Ireland confirmed their recovery from their chastening defeat to England on the opening weekend to retain an interest in the title. The champions have to win in Cardiff on Saturday against opponents chasing a grand slam, but even a bonus point victory would not be enough should England complete their customary victory over Scotland at Twickenham.
The finish should hold more drama than the tournament itself, which has revealed a significant gap between the top and bottom three. France were not as abject here as they had been at Twickenham a month before, but Ireland’s weaponry was blunter than England’s. Les Bleus were 26 points down with 14 minutes to go and their final flourish did not camouflage the deficiencies of a side which not long ago habitually contested for the title.
“To still be in contention for the championship after the first weekend shows the character of the team,” said the Ireland head coach, Joe Schmidt, after his last home match in the Six Nations. Not to mention the mediocrity of the teams they have beaten since then, and if Ireland were dominant here until they emptied their bench to rest players for Cardiff, they will need more polish if they are to deny Wales the grand slam and give England a tilt for glory.
The fixture between Ireland and France has for much of this decade held little interest for neutrals. Ireland scored three tries in 36 minutes and were denied two more on review in an embarrassingly one-sided opening half, 89 per cent of which was played in the half of France, who attempted 98 more tackles than their opponents.
When Ireland, who had to replace Rob Kearney before the game because of a calf injury, secured the try bonus point 15 minutes into the second half, they immediately made five substitutions. Jonathan Sexton, Conor Murray, Tadhg Furlong, Rory Best and Iain Henderson went off to partly mitigate the extra day’s rest Wales have. The dejection that set in after the opening round defeat to England here lifted, and if the prospect of Schmidt signing off with a fourth title hinges on Scotland winning at Twickenham for the first time in 36 years, finishing second would generate momentum before the World Cup.
Much was made in the build-up of how France were tapping into Toulouse’s handling, off-loading game, but when they did have the ball they were hustled off it. Their discipline collapsed under pressure, although this was another afternoon that showed up the contradictory nature of the game: players entering a breakdown from the side to force a turnover were penalised but those who did so to prevent a turnover were tolerated by the referee.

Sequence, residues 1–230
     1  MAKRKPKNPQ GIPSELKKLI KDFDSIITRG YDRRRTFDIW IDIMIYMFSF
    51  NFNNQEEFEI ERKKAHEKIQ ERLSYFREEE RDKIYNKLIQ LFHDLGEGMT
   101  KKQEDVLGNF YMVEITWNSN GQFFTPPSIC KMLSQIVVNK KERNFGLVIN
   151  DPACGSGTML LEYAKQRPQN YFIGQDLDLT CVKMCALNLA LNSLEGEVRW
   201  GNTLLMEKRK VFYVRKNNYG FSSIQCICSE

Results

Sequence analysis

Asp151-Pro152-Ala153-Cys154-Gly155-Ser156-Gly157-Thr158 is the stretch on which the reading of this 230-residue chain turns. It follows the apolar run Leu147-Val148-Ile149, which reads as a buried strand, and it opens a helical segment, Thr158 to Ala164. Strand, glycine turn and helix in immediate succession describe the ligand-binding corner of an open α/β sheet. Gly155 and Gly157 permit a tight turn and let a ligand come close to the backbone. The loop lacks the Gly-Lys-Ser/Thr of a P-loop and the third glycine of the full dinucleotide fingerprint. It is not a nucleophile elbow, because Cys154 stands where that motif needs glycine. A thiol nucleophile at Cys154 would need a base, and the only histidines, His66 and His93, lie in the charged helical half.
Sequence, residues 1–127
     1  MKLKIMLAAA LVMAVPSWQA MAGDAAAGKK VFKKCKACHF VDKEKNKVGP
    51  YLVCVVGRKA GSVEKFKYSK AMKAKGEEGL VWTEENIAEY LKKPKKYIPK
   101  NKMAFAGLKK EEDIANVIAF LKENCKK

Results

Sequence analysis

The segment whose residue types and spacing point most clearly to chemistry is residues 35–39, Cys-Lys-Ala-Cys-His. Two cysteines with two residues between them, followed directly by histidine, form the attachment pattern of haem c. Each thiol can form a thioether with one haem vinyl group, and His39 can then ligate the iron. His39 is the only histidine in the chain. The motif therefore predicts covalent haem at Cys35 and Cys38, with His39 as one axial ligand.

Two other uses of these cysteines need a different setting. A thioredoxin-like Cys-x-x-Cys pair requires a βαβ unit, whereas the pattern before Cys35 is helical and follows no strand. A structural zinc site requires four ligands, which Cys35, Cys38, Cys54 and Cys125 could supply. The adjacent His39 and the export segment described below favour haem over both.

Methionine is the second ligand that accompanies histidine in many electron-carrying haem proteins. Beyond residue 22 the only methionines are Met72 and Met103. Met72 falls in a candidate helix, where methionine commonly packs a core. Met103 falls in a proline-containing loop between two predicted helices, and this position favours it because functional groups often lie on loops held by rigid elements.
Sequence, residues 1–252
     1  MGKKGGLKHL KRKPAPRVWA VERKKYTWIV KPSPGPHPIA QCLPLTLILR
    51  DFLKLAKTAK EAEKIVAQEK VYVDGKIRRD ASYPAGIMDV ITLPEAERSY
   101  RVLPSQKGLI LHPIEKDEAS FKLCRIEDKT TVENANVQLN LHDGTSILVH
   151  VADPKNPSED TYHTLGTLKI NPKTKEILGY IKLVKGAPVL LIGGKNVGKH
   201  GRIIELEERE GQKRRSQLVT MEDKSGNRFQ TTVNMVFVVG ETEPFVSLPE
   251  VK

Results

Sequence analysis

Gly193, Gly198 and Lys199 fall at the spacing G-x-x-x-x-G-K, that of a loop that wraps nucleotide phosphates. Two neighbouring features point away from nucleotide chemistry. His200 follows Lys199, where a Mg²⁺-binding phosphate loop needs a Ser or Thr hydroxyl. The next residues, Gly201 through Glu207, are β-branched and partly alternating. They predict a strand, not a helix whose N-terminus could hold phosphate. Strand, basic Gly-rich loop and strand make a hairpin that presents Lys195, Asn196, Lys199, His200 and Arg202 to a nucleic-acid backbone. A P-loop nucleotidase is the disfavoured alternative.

As the team in possession, Ireland had a liberal supply of penalties. From the opening minutes they opted to kick for touch rather than go for goal and scored a try at the first attempt when Henderson took the ball at the front. As France set up to hold the drive, the ball was smuggled to Best on the left wing for the hooker, playing in his last competitive Test here, to score.
France responded through Thomas Ramos after a cross-kick, but a review found that the ball had brushed the fingers of Damian Penaud and bounced forward. They were not to sight their opponents’ line again until the second half as Ireland took an iron grip on the game, keeping it simple and controlling the gainline.
Sexton scored their second try after another penalty lineout, looping around Garry Ringrose after Demba Bamba had entered the maul from the side and the referee played advantage. Cian Healy had earlier been denied an opportunist try as France dithered at a ruck on their line, the prop deemed to have knocked on rather than apply downward pressure, and the excellent Ringrose lost control of the ball near the line after beating Ramos to a high kick.
France were hanging on, if unable to hang on to what little possession they enjoyed, and the replacement back row Jack Conan made the interval score 19-0 when he broke two tackles after a multi-phase move. France started the second period as if they had been told they would be making their own way home and there was an improvement, but Ireland were soon back on the attack with another lineout.
As CJ Stander peeled around the back of it, he slipped an inside pass to Keith Earls who had come off the right wing. It was a staple Ireland move but Bamba was unfamiliar with it. The prop stood too wide and the wing stepped into the space to secure the bonus point. Ireland eased off as their attention switched to Wales. France survived the 68th-minute yellow card shown to the prop Dorian Aldegheri for persistently collapsing scrums and finished with tries from Yoann Huget and Camille Chat in the final reckoning to dent Ireland’s points difference, a factor that is unlikely to come into play on Saturday.